The ability of Candida albicans, the most common human fungal pathogen, to transition from yeast to hyphae is essential for pathogenicity. While a variety of transcription factors important for filamentation have been identified and characterized, links between transcriptional regulators of C. albicans morphogenesis and molecular mechanisms that drive hyphal growth are not well defined. We have previously observed that constitutive expression of UME6, which encodes a filament-specific transcriptional regulator, is sufficient to direct hyphal growth in the absence of filament-inducing conditions. Here we show that HGC1, encoding a cyclinrelated protein necessary for hyphal growth under filament-inducing conditions, is specifically important for agar invasion, hyphal extension, and formation of true septa in response to constitutive UME6 expression under non-filament-inducing conditions. HGC1-dependent inactivation of Rga2, a Cdc42 GTPase activating protein (GAP), also appears to be important for these processes. In response to filament-inducing conditions, HGC1 is induced prior to UME6 although UME6 controls the level and duration of HGC1 expression, which are likely to be important for hyphal extension. Interestingly, an epistasis analysis suggests that UME6 and HGC1 play distinct roles during early filament formation. These findings establish a link between a key regulator of filamentation and a downstream mechanism important for hyphal formation. In addition, this study demonstrates that a strain expressing constitutive high levels of UME6 provides a powerful strategy to specifically dissect downstream mechanisms important for hyphal development in the absence of complex filament-inducing conditions.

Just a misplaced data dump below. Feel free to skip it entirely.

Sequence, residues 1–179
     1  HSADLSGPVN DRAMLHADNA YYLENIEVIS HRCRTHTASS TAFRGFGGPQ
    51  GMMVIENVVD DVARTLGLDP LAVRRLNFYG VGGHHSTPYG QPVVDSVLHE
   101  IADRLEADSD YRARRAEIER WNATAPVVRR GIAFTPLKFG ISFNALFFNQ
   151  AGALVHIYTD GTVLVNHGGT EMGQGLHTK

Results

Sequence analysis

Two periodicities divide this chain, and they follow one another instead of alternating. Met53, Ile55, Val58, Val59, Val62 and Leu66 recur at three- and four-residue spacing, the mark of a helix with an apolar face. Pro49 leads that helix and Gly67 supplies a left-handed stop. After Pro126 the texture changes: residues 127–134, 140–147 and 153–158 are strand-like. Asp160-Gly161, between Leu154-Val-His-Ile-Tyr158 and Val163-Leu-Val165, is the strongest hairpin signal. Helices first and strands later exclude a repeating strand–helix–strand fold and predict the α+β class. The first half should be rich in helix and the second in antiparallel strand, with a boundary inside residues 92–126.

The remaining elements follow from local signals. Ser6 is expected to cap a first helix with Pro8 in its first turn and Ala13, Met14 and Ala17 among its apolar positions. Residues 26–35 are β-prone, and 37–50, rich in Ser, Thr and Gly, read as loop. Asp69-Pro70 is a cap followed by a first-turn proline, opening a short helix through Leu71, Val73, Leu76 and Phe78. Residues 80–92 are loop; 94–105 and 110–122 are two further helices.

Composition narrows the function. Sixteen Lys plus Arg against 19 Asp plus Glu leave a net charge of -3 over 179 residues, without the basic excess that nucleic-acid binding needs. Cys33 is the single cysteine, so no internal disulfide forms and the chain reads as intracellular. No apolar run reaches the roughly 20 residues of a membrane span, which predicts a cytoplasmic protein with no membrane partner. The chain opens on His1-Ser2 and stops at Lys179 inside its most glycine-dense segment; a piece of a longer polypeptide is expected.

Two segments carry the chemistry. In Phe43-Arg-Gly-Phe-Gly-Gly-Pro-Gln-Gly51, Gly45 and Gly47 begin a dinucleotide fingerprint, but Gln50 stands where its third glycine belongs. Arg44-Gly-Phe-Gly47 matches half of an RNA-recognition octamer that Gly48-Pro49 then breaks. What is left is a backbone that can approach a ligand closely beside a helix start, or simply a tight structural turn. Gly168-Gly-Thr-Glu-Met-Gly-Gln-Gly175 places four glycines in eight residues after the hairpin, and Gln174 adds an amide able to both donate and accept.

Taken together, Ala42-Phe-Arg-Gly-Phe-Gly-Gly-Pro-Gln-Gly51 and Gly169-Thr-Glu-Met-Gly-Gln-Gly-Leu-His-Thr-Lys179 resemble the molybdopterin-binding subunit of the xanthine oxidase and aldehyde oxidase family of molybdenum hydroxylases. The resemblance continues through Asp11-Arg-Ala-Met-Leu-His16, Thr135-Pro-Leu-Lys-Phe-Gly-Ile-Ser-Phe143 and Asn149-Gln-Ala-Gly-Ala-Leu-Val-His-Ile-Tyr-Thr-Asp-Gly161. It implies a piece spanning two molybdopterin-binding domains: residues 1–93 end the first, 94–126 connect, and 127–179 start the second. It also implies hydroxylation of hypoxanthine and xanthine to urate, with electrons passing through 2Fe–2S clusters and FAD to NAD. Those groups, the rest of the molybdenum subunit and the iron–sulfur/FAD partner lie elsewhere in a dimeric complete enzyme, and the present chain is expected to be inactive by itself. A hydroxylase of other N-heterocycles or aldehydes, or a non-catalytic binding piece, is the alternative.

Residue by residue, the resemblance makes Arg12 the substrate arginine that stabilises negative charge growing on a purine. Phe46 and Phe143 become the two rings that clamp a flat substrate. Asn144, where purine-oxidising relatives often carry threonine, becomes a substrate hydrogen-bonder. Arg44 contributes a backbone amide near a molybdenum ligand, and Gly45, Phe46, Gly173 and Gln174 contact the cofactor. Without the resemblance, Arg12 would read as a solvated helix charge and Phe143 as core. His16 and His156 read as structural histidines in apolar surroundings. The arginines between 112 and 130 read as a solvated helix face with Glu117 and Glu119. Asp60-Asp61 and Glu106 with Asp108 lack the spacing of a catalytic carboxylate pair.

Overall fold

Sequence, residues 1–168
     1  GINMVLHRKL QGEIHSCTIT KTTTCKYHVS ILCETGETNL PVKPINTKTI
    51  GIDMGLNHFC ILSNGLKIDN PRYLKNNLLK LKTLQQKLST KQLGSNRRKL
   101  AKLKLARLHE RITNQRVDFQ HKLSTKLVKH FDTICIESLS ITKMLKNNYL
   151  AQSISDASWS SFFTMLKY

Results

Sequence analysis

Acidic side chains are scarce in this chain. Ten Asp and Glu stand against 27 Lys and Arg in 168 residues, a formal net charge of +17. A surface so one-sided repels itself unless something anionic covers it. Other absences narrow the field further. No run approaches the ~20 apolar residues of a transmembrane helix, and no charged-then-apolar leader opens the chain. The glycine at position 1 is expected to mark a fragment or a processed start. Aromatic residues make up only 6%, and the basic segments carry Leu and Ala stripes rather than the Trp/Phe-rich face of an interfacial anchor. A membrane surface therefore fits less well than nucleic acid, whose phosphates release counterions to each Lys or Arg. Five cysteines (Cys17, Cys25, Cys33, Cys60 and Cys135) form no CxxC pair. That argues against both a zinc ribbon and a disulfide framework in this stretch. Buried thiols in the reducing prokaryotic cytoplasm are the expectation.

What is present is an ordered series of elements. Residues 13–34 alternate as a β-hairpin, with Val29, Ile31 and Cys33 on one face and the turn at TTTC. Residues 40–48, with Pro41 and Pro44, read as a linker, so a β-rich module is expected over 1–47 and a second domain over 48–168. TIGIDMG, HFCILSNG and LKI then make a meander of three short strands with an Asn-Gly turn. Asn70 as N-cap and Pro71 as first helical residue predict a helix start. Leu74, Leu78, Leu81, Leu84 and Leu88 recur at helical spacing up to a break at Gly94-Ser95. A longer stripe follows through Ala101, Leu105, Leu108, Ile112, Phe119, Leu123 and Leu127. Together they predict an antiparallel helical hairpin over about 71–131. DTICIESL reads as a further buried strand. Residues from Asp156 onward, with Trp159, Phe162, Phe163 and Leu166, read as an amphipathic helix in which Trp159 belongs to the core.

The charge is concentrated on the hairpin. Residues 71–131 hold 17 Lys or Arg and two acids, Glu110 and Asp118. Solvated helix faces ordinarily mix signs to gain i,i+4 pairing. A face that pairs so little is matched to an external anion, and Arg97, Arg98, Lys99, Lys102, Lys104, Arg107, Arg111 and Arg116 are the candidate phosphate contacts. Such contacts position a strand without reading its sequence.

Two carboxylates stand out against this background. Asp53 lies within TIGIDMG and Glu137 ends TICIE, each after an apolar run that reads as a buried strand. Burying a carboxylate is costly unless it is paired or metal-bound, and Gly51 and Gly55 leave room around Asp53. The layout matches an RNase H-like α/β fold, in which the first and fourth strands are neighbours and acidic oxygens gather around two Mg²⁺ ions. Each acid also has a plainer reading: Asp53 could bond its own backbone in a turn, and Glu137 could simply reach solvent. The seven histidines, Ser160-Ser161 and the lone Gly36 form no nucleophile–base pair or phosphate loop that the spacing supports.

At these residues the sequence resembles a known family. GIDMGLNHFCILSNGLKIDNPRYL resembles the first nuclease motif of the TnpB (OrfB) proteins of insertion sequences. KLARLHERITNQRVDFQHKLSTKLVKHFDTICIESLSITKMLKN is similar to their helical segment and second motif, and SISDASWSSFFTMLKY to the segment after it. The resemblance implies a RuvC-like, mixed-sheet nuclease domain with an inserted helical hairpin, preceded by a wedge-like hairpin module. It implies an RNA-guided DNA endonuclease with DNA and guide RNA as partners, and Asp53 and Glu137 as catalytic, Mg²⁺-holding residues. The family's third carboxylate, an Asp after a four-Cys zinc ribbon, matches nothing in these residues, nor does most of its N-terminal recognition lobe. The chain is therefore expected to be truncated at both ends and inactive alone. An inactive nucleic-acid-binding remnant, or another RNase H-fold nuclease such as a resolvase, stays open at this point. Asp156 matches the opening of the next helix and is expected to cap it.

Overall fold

ASJC Scopus subject areas
- Molecular Biology